This method will ignore:

  • extra columns in the ResultSet that are not mapped for this entity.
  • mapped fields that are not present in the ResultSet (setters won’t be called so the value will be the one after invocation of the class’s default constructor).

Result is similar to ResultSet but for a given mapped class. It provides methods one(), all(), iterator(), getExecutionInfo() and isExhausted(). Note that iterating the Result will consume the ResultSet, and vice-versa.


Accessors provide a way to map custom queries not supported by the default entity mappers.

To create an accessor, define a Java interface and annotate each method to provide the corresponding CQL query:

public interface UserAccessor {
    @Query("SELECT * FROM user")
    Result<User> getAll();

The MappingManager can then process this interface and automatically generate an implementation for it:

UserAccessor userAccessor = manager.createAccessor(UserAccessor.class);
User user = userAccessor.getOne(uuid);

Like mappers, accessors are cached at the manager level and thus, are thread-safe/sharable.


A query can have bind markers, that will be set with the method’s arguments.

With unnamed markers, the order of the arguments must match the order of the markers:

@Query("insert into user (id, name) values (?, ?)")
ResultSet insert(UUID userId, String name);

With named markers, use @Param to indicate which parameter corresponds to which marker:

@Query("insert into user (userId, name) values (:u, :n)")
ResultSet insert(@Param("u") UUID userId, @Param("n") String name);

If a method argument is a Java enumeration, it must be annotated with @Enumerated to indicate how to convert it to a CQL type (the rules are the same as in mapping definition):

@Query("insert into user (key, gender) values (?,?)")
ResultSet addUser(int key, @Enumerated(EnumType.ORDINAL) Enum value);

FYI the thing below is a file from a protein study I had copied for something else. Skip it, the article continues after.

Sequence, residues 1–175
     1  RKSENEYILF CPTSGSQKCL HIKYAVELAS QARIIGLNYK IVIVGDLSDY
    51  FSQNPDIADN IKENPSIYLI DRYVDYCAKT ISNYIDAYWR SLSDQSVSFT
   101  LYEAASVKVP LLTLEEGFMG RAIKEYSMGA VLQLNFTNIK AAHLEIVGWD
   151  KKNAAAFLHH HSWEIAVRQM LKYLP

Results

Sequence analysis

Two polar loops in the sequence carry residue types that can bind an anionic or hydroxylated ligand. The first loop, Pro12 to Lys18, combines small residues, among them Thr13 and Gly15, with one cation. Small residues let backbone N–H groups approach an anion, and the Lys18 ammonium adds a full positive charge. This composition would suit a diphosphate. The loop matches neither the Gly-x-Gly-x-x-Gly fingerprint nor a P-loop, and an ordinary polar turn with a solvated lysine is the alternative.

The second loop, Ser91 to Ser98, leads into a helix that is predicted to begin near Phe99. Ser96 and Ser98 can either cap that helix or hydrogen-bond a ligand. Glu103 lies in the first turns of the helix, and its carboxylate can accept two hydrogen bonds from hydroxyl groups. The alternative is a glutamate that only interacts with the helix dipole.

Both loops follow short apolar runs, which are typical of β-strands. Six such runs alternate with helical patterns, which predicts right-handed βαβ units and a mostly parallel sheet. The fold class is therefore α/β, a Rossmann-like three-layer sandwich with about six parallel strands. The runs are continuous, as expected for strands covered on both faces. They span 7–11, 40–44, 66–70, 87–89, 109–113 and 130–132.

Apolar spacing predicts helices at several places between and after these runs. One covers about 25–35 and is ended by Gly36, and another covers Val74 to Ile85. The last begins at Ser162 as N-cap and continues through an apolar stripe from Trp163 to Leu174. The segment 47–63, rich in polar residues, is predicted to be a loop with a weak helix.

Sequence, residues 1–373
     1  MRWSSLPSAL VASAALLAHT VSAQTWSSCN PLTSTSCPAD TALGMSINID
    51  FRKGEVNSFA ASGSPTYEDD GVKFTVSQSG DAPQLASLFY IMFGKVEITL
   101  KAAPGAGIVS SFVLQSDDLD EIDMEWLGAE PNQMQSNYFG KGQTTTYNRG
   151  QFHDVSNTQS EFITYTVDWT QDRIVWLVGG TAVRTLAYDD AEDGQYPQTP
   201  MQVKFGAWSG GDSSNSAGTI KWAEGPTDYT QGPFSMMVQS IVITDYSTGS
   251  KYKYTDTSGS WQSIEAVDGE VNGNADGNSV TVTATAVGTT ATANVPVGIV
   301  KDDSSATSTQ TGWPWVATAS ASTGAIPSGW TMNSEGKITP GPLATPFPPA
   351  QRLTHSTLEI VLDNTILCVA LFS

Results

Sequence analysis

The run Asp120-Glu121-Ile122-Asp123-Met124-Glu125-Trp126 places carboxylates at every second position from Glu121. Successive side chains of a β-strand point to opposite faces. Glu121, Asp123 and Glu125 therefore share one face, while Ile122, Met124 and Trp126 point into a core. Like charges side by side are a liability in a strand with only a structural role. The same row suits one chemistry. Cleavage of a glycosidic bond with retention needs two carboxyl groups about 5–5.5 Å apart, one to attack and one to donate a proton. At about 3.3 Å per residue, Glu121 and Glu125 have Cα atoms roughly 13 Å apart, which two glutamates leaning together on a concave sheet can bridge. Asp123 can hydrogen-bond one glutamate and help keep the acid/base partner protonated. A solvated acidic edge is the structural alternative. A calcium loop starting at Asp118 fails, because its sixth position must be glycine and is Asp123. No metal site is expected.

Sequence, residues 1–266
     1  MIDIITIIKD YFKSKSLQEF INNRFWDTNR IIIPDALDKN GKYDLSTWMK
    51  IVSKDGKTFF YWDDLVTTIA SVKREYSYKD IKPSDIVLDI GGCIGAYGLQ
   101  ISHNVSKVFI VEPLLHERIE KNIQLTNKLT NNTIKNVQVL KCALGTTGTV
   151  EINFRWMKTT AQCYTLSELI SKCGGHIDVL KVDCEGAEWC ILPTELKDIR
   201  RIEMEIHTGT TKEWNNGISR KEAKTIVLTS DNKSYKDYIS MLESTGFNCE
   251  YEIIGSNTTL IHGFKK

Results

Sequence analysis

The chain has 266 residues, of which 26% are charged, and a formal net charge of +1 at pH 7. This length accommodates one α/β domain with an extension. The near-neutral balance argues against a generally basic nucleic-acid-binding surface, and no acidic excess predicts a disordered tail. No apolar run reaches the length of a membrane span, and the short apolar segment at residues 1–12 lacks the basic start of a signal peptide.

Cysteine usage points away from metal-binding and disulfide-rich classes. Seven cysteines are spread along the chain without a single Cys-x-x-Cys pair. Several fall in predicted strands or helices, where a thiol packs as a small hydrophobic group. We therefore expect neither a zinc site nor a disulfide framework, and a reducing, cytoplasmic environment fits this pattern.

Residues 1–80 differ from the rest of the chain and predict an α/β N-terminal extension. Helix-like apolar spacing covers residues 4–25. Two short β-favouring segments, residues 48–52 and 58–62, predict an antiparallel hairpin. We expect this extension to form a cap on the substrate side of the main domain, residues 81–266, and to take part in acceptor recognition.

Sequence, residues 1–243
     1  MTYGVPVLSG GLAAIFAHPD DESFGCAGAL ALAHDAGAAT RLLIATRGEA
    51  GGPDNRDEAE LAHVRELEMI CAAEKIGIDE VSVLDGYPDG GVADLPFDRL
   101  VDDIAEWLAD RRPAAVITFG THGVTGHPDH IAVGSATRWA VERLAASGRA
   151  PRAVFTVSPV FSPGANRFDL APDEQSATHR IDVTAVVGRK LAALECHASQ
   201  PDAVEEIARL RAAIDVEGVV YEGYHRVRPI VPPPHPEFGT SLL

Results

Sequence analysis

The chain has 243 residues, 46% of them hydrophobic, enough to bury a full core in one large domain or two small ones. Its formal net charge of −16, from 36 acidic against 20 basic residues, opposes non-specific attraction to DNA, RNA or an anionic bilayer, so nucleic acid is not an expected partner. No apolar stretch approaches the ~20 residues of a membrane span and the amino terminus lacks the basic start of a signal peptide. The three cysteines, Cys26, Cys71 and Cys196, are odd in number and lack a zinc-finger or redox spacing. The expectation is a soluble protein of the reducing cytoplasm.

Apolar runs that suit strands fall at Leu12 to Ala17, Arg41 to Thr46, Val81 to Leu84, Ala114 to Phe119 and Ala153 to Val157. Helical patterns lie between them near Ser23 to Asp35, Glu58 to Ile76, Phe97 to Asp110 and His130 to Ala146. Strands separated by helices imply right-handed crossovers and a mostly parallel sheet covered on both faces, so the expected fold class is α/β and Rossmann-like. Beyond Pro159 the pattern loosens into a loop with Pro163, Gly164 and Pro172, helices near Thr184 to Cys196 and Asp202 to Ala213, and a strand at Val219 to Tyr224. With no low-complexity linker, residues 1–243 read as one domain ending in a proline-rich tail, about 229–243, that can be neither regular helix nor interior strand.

Return type

The declared return type of each method affects how the query will get executed:

Return type Effect
void Synchronous execution, discards the results of the query.
ResultSet Synchronous execution, returns unmapped results.
T T must be a mapped class.
Synchronous execution, returns the first row (or null if there are no results).
Result<T> T must be a mapped class.
Synchronous execution, returns a list of mapped objects.
ResultSetFuture Asynchronous execution, returns unmapped results.
ListenableFuture<T> T must be a mapped class.
Asynchronous execution, returns the first row (or null if there are no results).
ListenableFuture<Result<T>> T must be a mapped class.
Asynchronous execution, returns a list of mapped objects.


@Query("SELECT * FROM user")
public ListenableFuture<Result<User>> getAllAsync();

Customizing the statement

It is possible to customize query parameters to include in a Accessor query with the annotation @QueryParameters. Then, options like consistency level, fetchsize or tracing are settable:

@Query("SELECT * FROM ks.users")
public ListenableFuture<Result<User>> getAllAsync();

Mapping configuration

MappingConfiguration lets you configure low-level aspects of the object mapper. It is configured when initializing the mapping manager:

PropertyMapper propertyMapper = ... ; // see examples below
MappingConfiguration configuration = 
MappingManager manager = new MappingManager(session, configuration);

The main component in the configuration is PropertyMapper, which controls how annotated classes will relate to database objects. The best way to plug in specific behavior is to create an instance of DefaultPropertyMapper and customize it.

For example, the mapper’s default behavior is to try to map all the properties of your Java objects. You might want to take the opposite approach and only map the ones that are specifically annotated with @Column or @Field:

PropertyMapper propertyMapper = new DefaultPropertyMapper()

Another common need is to customize the way Cassandra column names are inferred. Out of the box, Java property names are simply lowercased, so a userName property would be mapped to the username column. To map to user_name instead, use the following:

PropertyMapper propertyMapper = new DefaultPropertyMapper()
        .setNamingStrategy(new DefaultNamingStrategy(

There is more to DefaultPropertyMapper; see the Javadocs and implementation for details.